Rising popularity of esports shown through MSU's League of Legends club
Video games can be considered a form of relaxation, a method of releasing anger and a means of escape from the real world.
Few people are able to play video games at a highly competitive level, and even fewer are able play these video games, or esports, at a professional level.
This is what the competitive MSU League of Legends club is doing, now with other League of Legends teams across the landscape of the Big Ten.
Computer science sophomore and vice president of the club Connor McDougall said there’s a difference between playing casually and playing competitively.
“When you’re playing casually, it’s not about winning or losing, at least to me,” McDougall said. “It’s more of just talking with (other players) and bonding with them and you’re all doing the same thing. You’re having fun together. Sometimes you can meet new people like that.”
For competitive playing, McDougall said players have to know the styles and tendencies of their teams.
“You have to know the ins and outs of your team, how they’re going to play, what they say, how they communicate, some of them yell really loud,” McDougall said. “All of us yell really loud.”
McDougall said the team also has an objective — rather than playing for fun, they want to play to win.
There is a big difference between playing casually and competitively, and the competitive nature draws similarities from traditional sports such as football.
“It’s not like you’re practicing football and then game time comes and you’re still goofing around and practicing,” McDougall said. “All breaks are off. You need to focus and you need to play.”
This requires a lot of time practicing to perfect strategies, which hospitality business senior Vinci Chen said makes esports like actual sports.
“To get good at something you do, it takes hours of hours of practice,” Chen said. “I would say it’s its own category of sports, (but) I would definitely say it’s an actual sport.”
But with this, McDougall said traditional sports such as football aren’t exactly the same as esports.
“You have people out there playing football, they’re practicing five to six hours a day, maybe even more and it’s a lot more physical than gaming,” McDougall said. “The physical, you don’t really need as much.”
One of the major differences between major sports and esports, chemical engineering junior and manager of the competitive team Kyle Kilponen said, is how in traditional sports players can call a timeout during the game, but in esports they can’t.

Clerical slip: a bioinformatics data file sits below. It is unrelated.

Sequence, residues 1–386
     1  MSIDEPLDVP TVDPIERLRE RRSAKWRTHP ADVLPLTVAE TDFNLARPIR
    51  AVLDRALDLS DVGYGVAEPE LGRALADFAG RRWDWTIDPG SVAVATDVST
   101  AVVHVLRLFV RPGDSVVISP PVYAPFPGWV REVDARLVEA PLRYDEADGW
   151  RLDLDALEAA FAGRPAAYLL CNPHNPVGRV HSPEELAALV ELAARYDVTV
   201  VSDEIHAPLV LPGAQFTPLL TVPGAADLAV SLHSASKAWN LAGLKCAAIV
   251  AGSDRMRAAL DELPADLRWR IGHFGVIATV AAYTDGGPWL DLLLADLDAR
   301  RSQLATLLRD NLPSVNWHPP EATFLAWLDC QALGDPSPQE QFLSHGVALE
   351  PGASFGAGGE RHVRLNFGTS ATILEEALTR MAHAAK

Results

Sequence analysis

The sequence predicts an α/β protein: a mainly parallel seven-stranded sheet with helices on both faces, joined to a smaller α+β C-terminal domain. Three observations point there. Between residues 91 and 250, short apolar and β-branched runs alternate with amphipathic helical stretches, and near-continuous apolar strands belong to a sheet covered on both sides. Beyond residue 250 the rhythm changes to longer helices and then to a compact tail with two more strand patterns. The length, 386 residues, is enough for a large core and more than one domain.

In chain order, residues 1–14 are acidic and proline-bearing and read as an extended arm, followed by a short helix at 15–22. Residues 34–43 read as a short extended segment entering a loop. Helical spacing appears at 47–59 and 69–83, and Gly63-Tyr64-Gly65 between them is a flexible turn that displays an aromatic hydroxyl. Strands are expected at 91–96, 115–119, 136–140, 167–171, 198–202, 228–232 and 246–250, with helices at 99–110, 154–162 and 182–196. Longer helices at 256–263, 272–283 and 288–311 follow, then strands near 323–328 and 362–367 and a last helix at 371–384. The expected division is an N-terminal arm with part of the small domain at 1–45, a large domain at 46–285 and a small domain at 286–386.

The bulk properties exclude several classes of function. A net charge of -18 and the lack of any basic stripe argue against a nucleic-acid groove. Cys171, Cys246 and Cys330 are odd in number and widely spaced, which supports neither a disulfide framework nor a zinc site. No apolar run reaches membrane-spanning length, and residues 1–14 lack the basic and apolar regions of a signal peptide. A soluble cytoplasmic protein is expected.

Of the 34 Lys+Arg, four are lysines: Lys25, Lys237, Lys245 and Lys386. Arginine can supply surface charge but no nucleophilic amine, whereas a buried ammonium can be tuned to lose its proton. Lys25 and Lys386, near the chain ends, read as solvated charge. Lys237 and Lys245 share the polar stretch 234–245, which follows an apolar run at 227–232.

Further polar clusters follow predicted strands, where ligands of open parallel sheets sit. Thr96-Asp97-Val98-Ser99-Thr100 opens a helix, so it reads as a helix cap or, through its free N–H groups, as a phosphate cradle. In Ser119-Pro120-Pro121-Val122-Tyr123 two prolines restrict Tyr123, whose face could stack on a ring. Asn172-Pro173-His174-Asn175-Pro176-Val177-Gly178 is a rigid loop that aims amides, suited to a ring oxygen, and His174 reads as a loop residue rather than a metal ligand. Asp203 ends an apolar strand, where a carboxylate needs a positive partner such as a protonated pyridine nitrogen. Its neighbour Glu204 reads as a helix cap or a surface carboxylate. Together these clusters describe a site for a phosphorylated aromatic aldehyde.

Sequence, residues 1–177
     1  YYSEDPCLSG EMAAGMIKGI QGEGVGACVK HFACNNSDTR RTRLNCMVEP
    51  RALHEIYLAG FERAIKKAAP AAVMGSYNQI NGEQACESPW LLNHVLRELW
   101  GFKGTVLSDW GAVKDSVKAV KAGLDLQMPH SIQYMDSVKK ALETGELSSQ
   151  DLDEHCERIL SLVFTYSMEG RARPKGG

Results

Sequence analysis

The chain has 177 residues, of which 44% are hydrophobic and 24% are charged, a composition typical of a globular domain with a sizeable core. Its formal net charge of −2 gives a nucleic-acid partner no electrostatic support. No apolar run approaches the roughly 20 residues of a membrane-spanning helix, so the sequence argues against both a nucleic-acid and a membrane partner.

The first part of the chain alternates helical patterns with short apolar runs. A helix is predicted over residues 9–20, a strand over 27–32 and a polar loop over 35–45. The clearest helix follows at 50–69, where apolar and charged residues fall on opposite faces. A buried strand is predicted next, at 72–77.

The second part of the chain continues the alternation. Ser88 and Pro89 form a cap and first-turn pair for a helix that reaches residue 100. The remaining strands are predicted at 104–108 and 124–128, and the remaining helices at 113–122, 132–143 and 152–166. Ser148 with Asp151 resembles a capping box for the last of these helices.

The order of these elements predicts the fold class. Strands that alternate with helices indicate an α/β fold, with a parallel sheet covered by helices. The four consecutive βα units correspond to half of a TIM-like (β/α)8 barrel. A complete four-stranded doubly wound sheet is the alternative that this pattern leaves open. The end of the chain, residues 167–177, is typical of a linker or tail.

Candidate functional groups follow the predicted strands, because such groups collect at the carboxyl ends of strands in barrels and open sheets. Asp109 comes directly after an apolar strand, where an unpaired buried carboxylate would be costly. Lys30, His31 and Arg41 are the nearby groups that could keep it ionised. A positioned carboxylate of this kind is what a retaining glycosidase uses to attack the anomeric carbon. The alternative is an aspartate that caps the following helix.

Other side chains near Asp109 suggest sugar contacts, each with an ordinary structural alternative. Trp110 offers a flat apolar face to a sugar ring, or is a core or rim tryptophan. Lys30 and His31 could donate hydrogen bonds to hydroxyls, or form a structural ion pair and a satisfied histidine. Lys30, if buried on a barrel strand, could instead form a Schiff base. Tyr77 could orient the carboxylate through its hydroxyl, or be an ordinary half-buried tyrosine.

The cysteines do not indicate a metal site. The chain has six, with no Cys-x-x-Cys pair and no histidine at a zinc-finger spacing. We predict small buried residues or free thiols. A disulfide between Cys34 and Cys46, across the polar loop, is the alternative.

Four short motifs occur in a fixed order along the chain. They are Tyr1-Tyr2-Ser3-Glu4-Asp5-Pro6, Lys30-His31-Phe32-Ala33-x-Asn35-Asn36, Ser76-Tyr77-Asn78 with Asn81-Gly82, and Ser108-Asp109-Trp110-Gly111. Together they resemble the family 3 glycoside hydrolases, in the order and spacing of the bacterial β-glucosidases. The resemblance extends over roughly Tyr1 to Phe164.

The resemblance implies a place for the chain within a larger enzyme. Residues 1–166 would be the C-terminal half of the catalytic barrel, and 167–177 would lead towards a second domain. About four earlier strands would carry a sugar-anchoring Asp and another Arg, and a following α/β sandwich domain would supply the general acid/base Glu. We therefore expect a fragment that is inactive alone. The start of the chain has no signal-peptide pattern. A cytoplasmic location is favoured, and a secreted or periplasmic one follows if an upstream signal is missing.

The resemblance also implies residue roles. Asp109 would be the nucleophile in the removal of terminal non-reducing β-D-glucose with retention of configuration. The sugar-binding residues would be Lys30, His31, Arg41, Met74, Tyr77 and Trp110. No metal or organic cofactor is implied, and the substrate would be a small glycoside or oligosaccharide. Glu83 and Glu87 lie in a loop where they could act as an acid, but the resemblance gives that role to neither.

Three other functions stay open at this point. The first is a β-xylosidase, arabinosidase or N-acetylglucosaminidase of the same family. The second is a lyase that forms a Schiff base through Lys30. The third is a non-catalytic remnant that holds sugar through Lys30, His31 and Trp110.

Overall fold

“I can’t even talk to the players during the game,” Kilponen said. “They’re very strict about the players being independent and playing their own game.”
Even without the physicality, McDougall said sports such as football and esports have a lot of similarities.
“You need coordination, you need teamwork, a lot of the same cerebral team aspects of traditional sports, you need,” McDougall said. “You drop the physical. There’s the same level, or more of team play and coordination.”
Kilponen said there are some physical aspects to playing esports, which sometimes might be overlooked.
“It’s how quickly can you press the buttons, it’s how well can you manipulate yourself in the game and there’s also decision making — in basketball, it’s basketball IQ,” Kilponen said. “We call it mechanics.”
These roles and competitiveness have also translated into ratings, as the pulled in around 43 million unique viewers, while pulled only 30.8 million viewers.
Kilponen said this type of viewership and quality of players starts at the collegiate level, and eventually turns into a “developing ground” for potential esports players.
Chen said people were skeptical at first of news outlets such as , since people thought “you could be doing other things that are proactive.”
Still, other networks are following suit. On Jan. 19, the Big Ten Network, or BTN, and — the company that created League of Legends — announced a partnership in which BTN will broadcast the inaugural season of League of Legends on the app BTN2Go and will televise the championship, according to a press release.
The League of Legends Big Ten conference will include teams from every Big Ten school, minus Penn State University and the University of Nebraska, according to the press release.
McDougall said he thinks the esports scene will blow up, especially at MSU.
“In a couple years, it’s going to be big,” McDougall said. “I can tell you that there’s interest from people inside the school.”